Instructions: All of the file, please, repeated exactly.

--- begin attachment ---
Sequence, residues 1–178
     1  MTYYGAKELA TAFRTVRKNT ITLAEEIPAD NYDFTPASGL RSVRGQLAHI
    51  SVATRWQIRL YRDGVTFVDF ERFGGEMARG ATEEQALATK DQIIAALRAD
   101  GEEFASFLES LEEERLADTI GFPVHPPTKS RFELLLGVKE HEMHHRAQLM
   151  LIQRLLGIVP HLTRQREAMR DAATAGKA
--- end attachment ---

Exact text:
Sequence, residues 1–178
     1  MTYYGAKELA TAFRTVRKNT ITLAEEIPAD NYDFTPASGL RSVRGQLAHI
    51  SVATRWQIRL YRDGVTFVDF ERFGGEMARG ATEEQALATK DQIIAALRAD
   101  GEEFASFLES LEEERLADTI GFPVHPPTKS RFELLLGVKE HEMHHRAQLM
   151  LIQRLLGIVP HLTRQREAMR DAATAGKA